She was branded the English Strauss during her time, but the life of Birmingham composer Dorothy Howell had almost been forgotten, until now. Matt Lloyd reports.
Despite composing more than 130 pieces and being branded the “English Strauss” by the national press in the 1920s, the Handsworth composer Dorothy Gertrude Howell has been largely forgotten.
Now, thanks to an amazing discovery of archived photographs, letters, press cuttings and musical scores, some nearly a century old, the life of the musical legend has been brought back into the spotlight.
The old boxes chronicling the rise and life of Howell, who was born in 1898, were found by Birmingham music librarian Ursula Colville.
As she made her way through the archive, kept by Howell’s niece and nephew Merryn and Columb Howell, from Bewdley, Worcestershire, she discovered a lost legend who, in her day, was hounded by press and paparazzi, desperate to photograph the composer.
“It’s absolutely fantastic,” says Ursula, “and it just came out of the blue.”
“I took a regular phone enquiry about photocopying some musical scores and it turns out it was the niece of Dorothy Howell.
“I invited her to the library and when she got here she’d been walking around with these complete scores in original handwriting in a carrier bag.”
After further enquires Ursula learnt the Howells had kept scores of photographs, compositions and cuttings from their famous aunt’s heyday.
Eager to see their ancestor’s work remembered they agreed to Ursula scanning and photographing the collection, preserving Howell’s life in digital form. The detailed archive shows she was born to the daughter of a Birmingham ironmaster and raised on Wye Cliffe Road, Handsworth.
She was also the granddaughter of Alfred Feeney, arts and music critic for the then Birmingham Daily Post and cousin of the Birmingham Post founder John Feeney.
After a convent education and musical upbringing she began composing aged just 13 and was accepted to the Royal Academy of Music at 15 years old.
But it was with her piece Lamia, based on a poem of the same name by Keates that she came to the attention of the national press.
The composition was championed by Sir Henry Wood, first conductor of the Promenade Concerts which exist today as the BBC Proms, and was performed a staggering five times in one season during 1919.
“At that time she was hailed as a genius. The press cuttings were amazing, they show she was hounded by the paparazzi of the day. In those days that was incredible,” says Ursula. “She read this poem Lamia and was inspired to put it to music. Sir Henry Wood was so taken with it and the fact that a girl of 21 could write it, he cancelled other shows and performed Lamia five times. It was played countrywide.”
Following the success Howell became friends with Sir Henry who sent her postcards which survive in the archive.
She continued to compose and perform and was a teacher at the Royal Academy for 46-years, retiring in 1970.
During the war she was a land girl with the women’s Land Army before returning to teaching, composing and performing afterwards.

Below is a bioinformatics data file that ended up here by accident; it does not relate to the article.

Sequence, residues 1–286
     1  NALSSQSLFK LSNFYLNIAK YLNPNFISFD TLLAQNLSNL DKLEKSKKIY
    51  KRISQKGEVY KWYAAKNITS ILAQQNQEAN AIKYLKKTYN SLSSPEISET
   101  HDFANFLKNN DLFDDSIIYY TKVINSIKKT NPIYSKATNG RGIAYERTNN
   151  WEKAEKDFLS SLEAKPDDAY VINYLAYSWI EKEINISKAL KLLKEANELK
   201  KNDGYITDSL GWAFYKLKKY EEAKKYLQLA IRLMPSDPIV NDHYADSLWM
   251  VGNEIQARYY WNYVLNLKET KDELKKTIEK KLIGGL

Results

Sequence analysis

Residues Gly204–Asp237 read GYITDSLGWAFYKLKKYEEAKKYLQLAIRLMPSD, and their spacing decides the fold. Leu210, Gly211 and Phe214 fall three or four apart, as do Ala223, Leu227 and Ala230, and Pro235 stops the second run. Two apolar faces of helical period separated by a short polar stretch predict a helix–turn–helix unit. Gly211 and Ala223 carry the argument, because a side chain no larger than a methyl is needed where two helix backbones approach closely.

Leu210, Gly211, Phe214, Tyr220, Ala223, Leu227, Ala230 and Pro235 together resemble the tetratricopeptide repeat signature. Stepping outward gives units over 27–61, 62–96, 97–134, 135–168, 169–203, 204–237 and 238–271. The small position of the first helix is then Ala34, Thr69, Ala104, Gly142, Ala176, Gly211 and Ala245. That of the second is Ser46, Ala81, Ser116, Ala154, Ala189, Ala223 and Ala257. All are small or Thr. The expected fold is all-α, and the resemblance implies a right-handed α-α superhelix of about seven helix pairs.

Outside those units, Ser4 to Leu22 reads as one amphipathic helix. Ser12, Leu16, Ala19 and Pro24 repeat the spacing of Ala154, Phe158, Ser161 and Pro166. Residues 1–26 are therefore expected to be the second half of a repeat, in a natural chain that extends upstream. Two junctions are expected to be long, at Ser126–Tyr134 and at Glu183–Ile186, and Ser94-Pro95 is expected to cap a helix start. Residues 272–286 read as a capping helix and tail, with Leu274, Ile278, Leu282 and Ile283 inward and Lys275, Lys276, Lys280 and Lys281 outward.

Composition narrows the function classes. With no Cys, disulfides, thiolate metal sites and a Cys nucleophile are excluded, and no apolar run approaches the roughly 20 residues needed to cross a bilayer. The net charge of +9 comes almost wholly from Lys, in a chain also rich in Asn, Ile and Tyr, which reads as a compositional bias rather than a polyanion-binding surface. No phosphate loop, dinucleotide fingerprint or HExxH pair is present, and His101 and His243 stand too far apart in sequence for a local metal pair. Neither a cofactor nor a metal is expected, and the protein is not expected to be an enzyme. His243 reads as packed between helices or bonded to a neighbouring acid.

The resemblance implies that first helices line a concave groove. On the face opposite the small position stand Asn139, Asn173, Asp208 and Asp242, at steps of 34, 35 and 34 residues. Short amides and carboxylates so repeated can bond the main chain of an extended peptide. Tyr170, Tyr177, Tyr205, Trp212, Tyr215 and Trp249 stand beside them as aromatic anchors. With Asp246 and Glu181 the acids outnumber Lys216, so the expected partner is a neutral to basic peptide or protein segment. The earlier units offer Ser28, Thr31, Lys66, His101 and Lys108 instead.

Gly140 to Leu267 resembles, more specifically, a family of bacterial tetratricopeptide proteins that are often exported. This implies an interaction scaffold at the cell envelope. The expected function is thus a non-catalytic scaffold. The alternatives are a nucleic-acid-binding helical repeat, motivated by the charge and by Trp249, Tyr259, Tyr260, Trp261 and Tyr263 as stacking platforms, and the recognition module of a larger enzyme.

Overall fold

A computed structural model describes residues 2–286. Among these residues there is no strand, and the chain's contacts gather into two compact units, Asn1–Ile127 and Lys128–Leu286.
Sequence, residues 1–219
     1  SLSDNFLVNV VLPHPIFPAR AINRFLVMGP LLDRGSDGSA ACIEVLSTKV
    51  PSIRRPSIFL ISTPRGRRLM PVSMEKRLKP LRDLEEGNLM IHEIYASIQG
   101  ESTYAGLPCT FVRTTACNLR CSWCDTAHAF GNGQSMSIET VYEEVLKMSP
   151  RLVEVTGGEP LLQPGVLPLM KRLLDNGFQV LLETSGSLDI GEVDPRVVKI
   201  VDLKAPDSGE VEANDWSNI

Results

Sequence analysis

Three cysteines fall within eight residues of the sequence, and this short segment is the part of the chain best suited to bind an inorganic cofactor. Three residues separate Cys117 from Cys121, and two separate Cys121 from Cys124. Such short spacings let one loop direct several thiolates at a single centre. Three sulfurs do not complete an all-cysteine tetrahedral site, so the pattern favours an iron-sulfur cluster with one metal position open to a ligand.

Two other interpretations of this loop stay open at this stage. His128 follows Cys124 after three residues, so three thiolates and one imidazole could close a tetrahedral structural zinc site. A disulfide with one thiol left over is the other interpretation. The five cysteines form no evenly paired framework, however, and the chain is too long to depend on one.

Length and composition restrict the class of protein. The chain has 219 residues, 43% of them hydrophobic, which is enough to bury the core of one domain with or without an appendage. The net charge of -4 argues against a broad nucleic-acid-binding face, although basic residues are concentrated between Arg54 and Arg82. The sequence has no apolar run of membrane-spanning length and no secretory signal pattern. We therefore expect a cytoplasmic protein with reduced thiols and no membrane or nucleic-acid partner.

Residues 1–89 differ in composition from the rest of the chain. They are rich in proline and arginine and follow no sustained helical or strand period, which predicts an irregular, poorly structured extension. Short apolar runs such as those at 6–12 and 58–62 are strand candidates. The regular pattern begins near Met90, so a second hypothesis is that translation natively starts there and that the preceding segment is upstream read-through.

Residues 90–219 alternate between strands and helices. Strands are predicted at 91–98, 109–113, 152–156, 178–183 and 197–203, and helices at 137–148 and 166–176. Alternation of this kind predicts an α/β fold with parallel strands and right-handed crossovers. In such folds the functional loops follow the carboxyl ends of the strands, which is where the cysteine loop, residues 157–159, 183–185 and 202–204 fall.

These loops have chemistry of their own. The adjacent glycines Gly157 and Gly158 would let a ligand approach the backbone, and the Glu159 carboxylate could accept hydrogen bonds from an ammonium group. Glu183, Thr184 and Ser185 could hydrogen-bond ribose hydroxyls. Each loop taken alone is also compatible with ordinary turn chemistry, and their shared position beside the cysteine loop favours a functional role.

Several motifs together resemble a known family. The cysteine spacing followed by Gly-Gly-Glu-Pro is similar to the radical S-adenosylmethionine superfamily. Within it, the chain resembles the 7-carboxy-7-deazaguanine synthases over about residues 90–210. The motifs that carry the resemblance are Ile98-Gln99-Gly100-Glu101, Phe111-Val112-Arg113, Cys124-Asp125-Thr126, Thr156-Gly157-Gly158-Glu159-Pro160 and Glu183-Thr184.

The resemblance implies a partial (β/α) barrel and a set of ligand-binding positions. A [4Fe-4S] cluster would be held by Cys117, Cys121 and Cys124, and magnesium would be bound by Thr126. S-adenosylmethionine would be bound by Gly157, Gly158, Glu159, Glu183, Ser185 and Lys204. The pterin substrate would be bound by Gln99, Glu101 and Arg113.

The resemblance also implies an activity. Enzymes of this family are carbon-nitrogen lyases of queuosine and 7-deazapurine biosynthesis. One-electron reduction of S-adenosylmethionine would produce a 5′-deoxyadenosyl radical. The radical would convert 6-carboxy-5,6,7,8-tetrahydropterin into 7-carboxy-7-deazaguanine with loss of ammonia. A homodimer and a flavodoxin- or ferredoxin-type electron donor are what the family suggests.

The archives reveals she continued to teach pupils until her final years when she lived in Malvern and, although she had faded from the public eye, her death in January 1982, just weeks before her 84th birthday, was noted in newspaper obituaries across the country including The Birmingham Post.
Using the Howells collection, Ursula has now set up a month long exhibition on Howell’s life and work to bring her back into the spotlight of her home city.
“It’s really special because it’s not every day you come across someone who was so highly regarded and who has sadly gone out of view,” she said: “this is of national importance. I’ve had academics on the phone to me every day.
“I dare say after this there will be a lot of interest. This is a big exhibit but it’s only really touching the surface, there’s still so much more. It’s a very human story. Not only from a professional point of view there are lots of really nice things written about her, she seems like a lovely person.
“When she was being hounded by the press the family didn’t like it very much but she seemed to take it in good humour.”
During her later years Howell moved to Letchworth to care for her windowed mother and then to Malvern where she spent the last four-years of her life.
She was buried near Sir Edward Elgar, whose grave she tended for many years.
The archive left behind, which she had told family to throw away as rubbish, runs so deep that another exhibition has already been planned for next year in the Central Library’s main gallery.
And in a strange twist of fate on September 5, the day after the Birmingham exhibition opens, a special BBC Proms programme celebrating the music of Sir Henry Wood will include a performance of Howell’s most famous piece Lamia.
“I think it was written in the stars,” said Ursula, “it wasn’t planned at all. I couldn’t believe it when I saw.”
* The Dorothy Howell exhibition starts on September 4 on floor 3 of Birmingham Central Library, including live musical performances on the first day. The exhibition runs for a month.